Now before I get into the script itself, let me restate that I’m keeping most of my commentary on its quality light as most of that can be heard in our episode at Masters of Carpentry. That said, I will reveal up front that I very much enjoy this script, and I really wish we could have seen what it would have become on screen. Seriously, it’s pretty easy to find online and is absolutely worth tracking down for a read.

Part 1: Exposure

Under the title Return of the Thing, this is a first draft dated February 11, 2005, roughly five months after the series was first announced to the press.

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Act 1

We open in familiar territory: the final scene of John Carpenter’s The Thing, where MacReady and Childs meet up again in the smoldering remains of the camp, eyeing each other suspiciously as they share a bottle of booze. Cut to six months later, and Mac and Childs are still there, dead, frozen solid, and half buried in snow as helicopters and snowcats finally move in. It’s the Russians, under the leadership of scientist spouses Alina and Yuri Lukanov. They want first dibs on anything potentially interesting before making any calls to the Americans and Norwegians, and it’s not long before their search leads them to the wreck of the alien saucer. As they lead a team down through the hatch, we jump forward 23 years.

In a clever spin on the characters Richard Jaeckel and Charles Martin Smith played in Starman (the first of several spins on other past Carpenter films), we meet the Department of Homeland Security Secretary Peter Avery and his undersecretary Roger Pritchard. Pritchard is being called in (helicopter on his front lawn and everything) because the Russians have contacted us with the revelation that a scientist boarded a commercial flight between the two countries while carrying a weaponized strain of smallpox. They also bring Dr. Anne Blackburn of the Center for Disease Control in the loop as jets are scrambled to reroute the airliner.

On board, we focus on a nervous man, a man we first saw 23 years ago as a young scientist among the expedition in Antarctica. As he notices the plane changing course, he suddenly lurches into what appears to be a heart attack. The flight crew tries to resuscitate him, breaking out defibrillator paddles. After a couple of hits… we cut to the cockpit as an explosion of screams and bizarre animal noises roar through the door behind the pilots. Looking through their peephole, one pilot is sucked through, and the trailing jetfighters can do nothing but watch as the plane careens down and crashes in the New Mexico desert.

In said desert, Frank Little Bear, a Navajo farmer, witnesses the crash and moves in on the wreckage, witnessing a coyote being yanked into shadows by a “flower of flesh”. A seemingly identical coyote emerges soon after, looks at Little Bear, then lopes away.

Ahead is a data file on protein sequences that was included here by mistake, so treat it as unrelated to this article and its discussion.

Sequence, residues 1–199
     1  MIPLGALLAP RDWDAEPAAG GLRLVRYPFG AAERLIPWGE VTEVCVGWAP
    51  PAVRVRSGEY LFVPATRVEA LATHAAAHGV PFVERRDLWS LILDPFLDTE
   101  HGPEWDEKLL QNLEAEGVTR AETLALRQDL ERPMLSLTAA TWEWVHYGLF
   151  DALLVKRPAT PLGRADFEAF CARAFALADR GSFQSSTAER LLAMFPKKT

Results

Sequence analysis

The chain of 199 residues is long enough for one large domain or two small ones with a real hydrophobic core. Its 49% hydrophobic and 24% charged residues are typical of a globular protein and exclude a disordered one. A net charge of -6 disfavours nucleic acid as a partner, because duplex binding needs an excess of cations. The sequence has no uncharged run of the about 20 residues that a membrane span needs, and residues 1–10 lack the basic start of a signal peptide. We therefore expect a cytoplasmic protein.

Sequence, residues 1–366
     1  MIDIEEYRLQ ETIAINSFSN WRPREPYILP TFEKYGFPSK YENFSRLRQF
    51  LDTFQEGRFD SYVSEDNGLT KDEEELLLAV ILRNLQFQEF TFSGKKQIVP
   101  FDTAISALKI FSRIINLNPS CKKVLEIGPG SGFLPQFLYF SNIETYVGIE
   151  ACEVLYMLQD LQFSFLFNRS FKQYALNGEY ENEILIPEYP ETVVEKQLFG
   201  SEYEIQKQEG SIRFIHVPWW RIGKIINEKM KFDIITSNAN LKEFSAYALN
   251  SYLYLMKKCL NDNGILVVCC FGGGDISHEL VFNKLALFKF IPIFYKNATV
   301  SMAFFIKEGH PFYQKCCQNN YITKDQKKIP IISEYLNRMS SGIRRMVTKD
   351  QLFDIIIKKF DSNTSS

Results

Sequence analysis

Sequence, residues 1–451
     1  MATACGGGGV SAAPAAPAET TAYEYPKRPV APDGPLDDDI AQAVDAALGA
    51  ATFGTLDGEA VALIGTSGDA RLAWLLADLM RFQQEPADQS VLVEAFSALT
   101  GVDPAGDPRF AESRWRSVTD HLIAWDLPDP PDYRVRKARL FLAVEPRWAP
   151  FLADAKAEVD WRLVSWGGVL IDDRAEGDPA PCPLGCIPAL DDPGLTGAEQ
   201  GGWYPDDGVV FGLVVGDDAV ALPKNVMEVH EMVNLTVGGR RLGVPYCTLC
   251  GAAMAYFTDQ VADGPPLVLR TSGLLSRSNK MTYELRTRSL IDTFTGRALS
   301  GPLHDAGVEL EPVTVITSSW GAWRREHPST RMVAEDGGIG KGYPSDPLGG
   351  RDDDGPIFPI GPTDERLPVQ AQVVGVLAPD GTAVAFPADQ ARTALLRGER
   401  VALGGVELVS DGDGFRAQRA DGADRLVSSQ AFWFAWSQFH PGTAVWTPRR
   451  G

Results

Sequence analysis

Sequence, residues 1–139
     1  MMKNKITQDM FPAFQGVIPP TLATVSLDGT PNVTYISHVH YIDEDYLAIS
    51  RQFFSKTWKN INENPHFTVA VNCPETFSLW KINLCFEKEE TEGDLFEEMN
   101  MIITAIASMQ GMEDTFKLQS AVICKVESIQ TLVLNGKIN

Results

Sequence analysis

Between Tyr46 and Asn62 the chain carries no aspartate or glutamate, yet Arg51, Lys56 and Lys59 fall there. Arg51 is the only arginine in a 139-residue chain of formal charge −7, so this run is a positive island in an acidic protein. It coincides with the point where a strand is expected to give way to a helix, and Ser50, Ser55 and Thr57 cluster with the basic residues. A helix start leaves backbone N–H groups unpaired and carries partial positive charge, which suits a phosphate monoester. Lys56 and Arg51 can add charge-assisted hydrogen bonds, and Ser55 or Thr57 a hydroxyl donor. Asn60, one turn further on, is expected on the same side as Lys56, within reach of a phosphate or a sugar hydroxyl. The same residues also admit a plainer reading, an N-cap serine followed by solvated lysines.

Act 2

In Russia, an aged Yuri Lukanov is telling everything he knew this would happen. His superiors rush him to an airport where he’s being sent to the US to assist. Accompanying him is Petrovsky, a hard-nose Security Service agent who insists they maintain the cover story of smallpox so as not to embarrass their country.

While Little Bear, now armed with a rifle, follows the coyote tracks in the desert, we start meeting the people of the nearby hamlet of Christmas, New Mexico as most go about their daily activities while the volunteer fire fighter team scrambles to follow Sheriff Hayes to the wreck. Central to it all are Bob, leader of the firefighters, an eager young boy named Michael who often sees things others refuse to take seriously (some shades of Invaders From Mars), and his mother Sara, who’s overworked as a waitress in the town diner. As often happens, Michael’s babysitter has bailed, so Sara leaves him with her sister Samantha, Bob’s wife, who lets him play with the neighbor girl Ginnie.

Avery, Pritchard, and Blackburn – quickly joined by epidemic specialist Nick Webber – are coordinating resources to set up shop in an old military base not far from the crash. It’ll take a few hours to move everything in, and they keep their fingers crossed that first responders are prepped to avoid contamination.

They aren’t, as Bob, the Sheriff, and other volunteer firefighters are digging through and hosing down the wreckage, their idea of a decon station being a kiddie pool and a box of Clorox laundry detergent. As they crack into the passenger cabin, reeking with smoldering bodies, one suddenly lurches to life. He’s covered in burns and they start digging him out.

That’s when the cavalry arrives as a fleet of blackhawks swoop in and survey the area, military semi-trucks circle it off, and hazmat suited soldiers keep their rifles trained on the civilians.

Watching it all from a nearby cliff is the coyote.

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Act 3